The historical circumstances that enabled the success of the resonator guitar also doomed it to obsolescence. There was a brief window in time when the whole world needed a louder acoustic guitar - and then the electric guitar came along. The professional musicians who had leaped at the resonator guitar jumped for the electric just as quickly and the resonator retreated to rural areas without electricity or down-home musicians who couldn't afford to switch to the electric. The electric guitar had all the clarity, harmonics and sustain that slide players wanted plus more volume than they'd ever dreamt of!
The market for high end tricones had been dwindling since the 1930s - now the low end single cone began to struggle. By 1941 National ceased all metal bodied guitar production. As well as the lack of demand caused by the electric guitar, the U.S. entry into WWII restricted brass, nickel and steel to "essential industries". After the war there was no point restarting the metal body guitar line.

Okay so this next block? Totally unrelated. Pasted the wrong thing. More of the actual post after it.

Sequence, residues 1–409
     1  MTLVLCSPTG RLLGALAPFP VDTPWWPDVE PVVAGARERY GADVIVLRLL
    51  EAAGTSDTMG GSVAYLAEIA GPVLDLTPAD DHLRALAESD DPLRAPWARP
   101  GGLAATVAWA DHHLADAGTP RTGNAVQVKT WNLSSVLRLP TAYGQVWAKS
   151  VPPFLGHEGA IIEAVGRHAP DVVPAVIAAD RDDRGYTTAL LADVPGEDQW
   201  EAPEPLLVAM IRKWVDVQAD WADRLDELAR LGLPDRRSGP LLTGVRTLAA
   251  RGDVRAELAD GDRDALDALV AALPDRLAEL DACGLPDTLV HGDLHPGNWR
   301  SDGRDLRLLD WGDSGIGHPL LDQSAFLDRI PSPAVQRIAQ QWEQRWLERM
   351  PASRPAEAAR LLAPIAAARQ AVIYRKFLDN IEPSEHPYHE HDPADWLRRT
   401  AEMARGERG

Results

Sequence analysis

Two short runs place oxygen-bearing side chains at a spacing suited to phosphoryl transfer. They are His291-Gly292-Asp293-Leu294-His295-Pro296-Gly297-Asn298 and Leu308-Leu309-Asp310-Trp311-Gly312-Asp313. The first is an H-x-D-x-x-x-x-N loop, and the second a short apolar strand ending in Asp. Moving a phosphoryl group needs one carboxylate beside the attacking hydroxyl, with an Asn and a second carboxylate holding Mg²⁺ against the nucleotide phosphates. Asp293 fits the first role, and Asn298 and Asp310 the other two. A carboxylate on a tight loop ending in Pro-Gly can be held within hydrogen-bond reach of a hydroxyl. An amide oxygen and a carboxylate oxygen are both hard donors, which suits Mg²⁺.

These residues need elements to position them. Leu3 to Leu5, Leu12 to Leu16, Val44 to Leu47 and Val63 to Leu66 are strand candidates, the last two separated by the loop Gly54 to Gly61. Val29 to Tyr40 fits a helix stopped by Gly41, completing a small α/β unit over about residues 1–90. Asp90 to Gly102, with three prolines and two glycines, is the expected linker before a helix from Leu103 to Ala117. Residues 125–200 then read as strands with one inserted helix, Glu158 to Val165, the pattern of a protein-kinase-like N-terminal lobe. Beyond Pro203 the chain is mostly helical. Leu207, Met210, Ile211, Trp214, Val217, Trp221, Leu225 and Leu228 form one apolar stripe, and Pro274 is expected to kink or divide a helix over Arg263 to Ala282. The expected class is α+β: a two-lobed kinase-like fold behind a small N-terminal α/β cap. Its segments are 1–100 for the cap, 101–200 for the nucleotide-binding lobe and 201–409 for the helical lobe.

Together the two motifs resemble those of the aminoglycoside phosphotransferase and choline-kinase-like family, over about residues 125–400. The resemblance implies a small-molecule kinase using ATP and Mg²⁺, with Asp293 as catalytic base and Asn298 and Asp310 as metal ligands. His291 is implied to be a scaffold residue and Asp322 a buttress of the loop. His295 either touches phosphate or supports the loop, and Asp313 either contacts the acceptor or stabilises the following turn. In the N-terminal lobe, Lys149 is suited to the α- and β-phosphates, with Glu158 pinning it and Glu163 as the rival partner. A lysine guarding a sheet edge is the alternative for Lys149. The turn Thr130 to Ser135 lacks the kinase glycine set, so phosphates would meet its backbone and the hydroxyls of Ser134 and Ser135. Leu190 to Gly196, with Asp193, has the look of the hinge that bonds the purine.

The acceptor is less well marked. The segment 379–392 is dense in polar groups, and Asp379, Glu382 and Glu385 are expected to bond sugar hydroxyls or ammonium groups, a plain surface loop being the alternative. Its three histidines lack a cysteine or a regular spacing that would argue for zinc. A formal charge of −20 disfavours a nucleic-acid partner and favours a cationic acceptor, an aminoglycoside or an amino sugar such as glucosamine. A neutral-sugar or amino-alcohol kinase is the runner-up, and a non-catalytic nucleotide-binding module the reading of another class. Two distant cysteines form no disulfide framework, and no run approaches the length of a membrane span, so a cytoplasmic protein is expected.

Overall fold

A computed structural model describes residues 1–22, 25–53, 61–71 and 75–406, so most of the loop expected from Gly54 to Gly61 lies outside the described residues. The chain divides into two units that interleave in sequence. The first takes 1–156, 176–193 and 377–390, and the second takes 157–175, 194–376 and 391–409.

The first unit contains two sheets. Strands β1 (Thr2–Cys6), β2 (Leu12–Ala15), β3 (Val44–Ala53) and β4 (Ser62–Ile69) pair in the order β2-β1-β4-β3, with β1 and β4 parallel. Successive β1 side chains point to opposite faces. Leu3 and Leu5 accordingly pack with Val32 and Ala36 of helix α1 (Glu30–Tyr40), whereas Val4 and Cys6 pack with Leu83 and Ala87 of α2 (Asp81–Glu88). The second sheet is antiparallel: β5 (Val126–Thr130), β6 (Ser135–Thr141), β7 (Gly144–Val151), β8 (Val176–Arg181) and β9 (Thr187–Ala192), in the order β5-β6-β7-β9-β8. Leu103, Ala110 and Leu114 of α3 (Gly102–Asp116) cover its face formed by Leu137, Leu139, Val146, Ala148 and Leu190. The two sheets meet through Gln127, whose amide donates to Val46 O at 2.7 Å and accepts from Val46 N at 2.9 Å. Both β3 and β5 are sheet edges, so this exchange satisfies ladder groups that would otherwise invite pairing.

The National company itself moved into cheap electric guitars and eventually became more a distribution company than a manufacturer.
Tampa Red (Hudson Woodbridge) was the first blues guitarist to record with a National guitar in 1928 but was soon followed by many others. Other blues artists who played National guitars include Son House, Booker White, Blind Boy Fuller, Bo Carter, Walter Vincent, Bumble Bee Slim, Scrapper Blackwell, Black Ace, "Kansas" Joe McCoy, Memphis Minnie, Peetie Wheatstraw, Brownie McGhee, Ernest "Whiskey Red" Brown, Henry Townsend, Henry Johnson, Archie Edwards, Sister Rosetta Tharpe, Robert Petway, Hammie Nixon, Tarheel Slim, Blind Arvella Grey, Oscar "Buddy" Woods, Reverend Gary Davis, Babe Stovall, Kokomo Arnold, Gus Gibson, Doug Quattlebaum, and reportedly Robert Johnson (though no photos exist of him with one).